September 18, 2003
World Wheat Stocks At Dangerous Level
Wheat output must increase substantially as world stocks dive critically low, a senior official at grains trader Nidera Handelscompagne said.
"In order to stabilise world stocks, we are going to need a production in 2004/2005 on the world basis in the range of 580-585 million tonnes," Brian Thomsen, managing director of one of the world's top grains traders, said at a two-day international wheat conference.
From data compiled by U.S. Department of Agriculture (USDA), global wheat stocks look to be at 23 percent of usage by the end of the 2003/2004 year, compared with 27 percent the previous year and 34-35 percent at the turn of the millennium.
"We generally consider 20 percent a critical low stock/use ratio. The last time we went to below 20 per cent was back in 1995/96," he said.
The world wheat market will enter into significant volatility below 20 percent, with the movement of wheat supplies across the globe distracted.
With no major increase expected in wheat acreage over the next three to four years after a decline in the past one to two years, Thomsen said the global output would depend on yield prospects, such as weather and varieties to be planted.
USDA data showed global wheat output stood at 547 million tonnes in the 2003/2004 year, down from 564 million tonnes the previous year and 581 million tonnes in 2001/2001.
But, according to analyst John Tjaardstra, assistant executive director of the International Grains Council, tight stocks won't necessarily lead to a further price increase, at least in the near term, if available export supplies remain adequate and global import demand declines.
"In 2003-04, the supply and demand picture for wheat will be one where consumption is expected to outpace production by a wide margin, especially as many northern hemisphere crops have turned out so much worse than previously forecast," he said. As a result, world ending stocks will be further reduced, for the fourth year in a row.
Non-Traditional Producers Needed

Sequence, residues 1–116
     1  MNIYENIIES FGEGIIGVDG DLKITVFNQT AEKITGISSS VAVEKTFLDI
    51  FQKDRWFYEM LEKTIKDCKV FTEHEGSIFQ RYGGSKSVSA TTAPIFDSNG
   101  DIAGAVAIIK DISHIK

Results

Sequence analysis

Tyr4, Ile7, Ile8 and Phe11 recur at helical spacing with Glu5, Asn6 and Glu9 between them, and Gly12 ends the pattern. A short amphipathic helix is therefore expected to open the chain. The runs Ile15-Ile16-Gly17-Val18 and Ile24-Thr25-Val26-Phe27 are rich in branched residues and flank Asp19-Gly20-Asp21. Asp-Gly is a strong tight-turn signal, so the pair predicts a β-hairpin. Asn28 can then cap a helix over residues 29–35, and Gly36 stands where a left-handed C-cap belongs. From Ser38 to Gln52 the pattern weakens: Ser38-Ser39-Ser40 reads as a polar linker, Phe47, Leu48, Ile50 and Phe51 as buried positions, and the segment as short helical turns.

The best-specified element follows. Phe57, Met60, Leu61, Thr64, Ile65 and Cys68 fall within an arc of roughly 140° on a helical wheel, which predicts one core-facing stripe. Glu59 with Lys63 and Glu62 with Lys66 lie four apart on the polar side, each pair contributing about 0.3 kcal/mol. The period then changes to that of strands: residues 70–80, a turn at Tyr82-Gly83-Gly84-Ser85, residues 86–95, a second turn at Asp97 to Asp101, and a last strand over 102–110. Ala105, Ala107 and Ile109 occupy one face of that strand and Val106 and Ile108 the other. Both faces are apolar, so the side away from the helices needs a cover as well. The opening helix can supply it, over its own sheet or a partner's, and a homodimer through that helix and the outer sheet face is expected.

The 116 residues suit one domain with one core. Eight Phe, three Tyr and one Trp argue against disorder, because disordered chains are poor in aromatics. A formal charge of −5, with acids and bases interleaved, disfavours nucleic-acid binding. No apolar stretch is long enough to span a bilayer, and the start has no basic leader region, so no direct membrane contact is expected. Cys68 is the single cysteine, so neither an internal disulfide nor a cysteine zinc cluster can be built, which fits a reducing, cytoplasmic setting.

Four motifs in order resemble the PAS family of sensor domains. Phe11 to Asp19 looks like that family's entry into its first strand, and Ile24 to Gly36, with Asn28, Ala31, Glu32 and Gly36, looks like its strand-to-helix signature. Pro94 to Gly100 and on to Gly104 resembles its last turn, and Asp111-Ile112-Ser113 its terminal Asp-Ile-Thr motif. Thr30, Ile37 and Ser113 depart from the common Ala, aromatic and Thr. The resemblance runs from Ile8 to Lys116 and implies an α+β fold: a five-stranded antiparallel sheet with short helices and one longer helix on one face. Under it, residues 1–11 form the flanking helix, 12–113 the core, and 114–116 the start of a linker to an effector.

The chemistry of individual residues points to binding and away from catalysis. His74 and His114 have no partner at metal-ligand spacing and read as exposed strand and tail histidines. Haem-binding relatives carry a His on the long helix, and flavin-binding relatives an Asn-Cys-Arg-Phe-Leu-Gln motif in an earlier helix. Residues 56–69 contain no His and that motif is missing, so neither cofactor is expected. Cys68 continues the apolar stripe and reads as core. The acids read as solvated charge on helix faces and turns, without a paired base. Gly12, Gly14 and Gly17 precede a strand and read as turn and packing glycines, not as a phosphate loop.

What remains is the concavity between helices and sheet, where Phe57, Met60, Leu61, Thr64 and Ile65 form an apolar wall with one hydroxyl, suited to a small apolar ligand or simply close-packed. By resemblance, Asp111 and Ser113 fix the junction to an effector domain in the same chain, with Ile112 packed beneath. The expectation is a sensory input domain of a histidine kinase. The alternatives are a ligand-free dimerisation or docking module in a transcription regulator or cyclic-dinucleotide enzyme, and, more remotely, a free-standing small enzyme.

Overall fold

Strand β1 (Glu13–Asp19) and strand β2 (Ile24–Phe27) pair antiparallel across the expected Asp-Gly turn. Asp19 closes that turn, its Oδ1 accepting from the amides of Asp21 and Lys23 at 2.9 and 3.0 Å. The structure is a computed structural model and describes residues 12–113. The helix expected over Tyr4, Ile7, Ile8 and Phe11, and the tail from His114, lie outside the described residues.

Looking at trade, Thomsen predicted the world's traditional exporters, such as the United States, Canada, Australia, the European Union and Argentina, were likely to recover their market share to about 80 percent in 2004/2005.
The market share of non-traditional exporters, including India, China, East European countries and former Soviet Union, will shrink to 20 percent after boosting it to 40 percent over the past two years, he said.
"But what is clear is the world needs supply from the emerging markets. The big five exporters are not in the position in the nearby future to fulfil the world demand on its own," he said.
"The big question mark is obviously when China will be out of de-stocking process and what kind of influence will that have on wheat exports as well as wheat imports," he said.
Referring to India, another new exporter in Asia, Thomsen said: "We expect them to continue exports in the next one to two years. The big question mark on India is price policy... and what kind of allocations they make for exports."
Turning to European Union (EU), which suffered major weather damages this year, he said he expected Brussels to take some measures to reduce exports, such as imposing export taxes.
Substantial Price Increase Unlikely
Unlike the mid-1990s, when prices rose to near historic highs, a sharp price increase this time around may be less likely limited, said Tjaardstra.
This is because the bulk of declines in ending stocks in recent years has been in the world's wheat importing nations, while the decline in stocks in major exporting nations has been much less significant, he said.
"The stocks in the five major exporters - the U.S., European Union, Argentina, Canada and Australia in 2003-04 would remain somewhat larger than in 1995-96," said Tjaardstra.
Another feature in the past two years has been the huge grain surplus in the Commonwealth of Independent States that entered export channels, and record shipments from countries such as India.
The aggressive export of wheat by the CIS and India, at very competitive prices, also helped to counter the impact of declining stocks, said Tjaardstra.
There is no doubt that world wheat and coarse grains stocks will be historically tight. But with available export supplies remaining adequate, especially if southern hemisphere wheat crops recover strongly, and a decline in global import demand, prices aren't likely to increase very much, said Tjaardstra.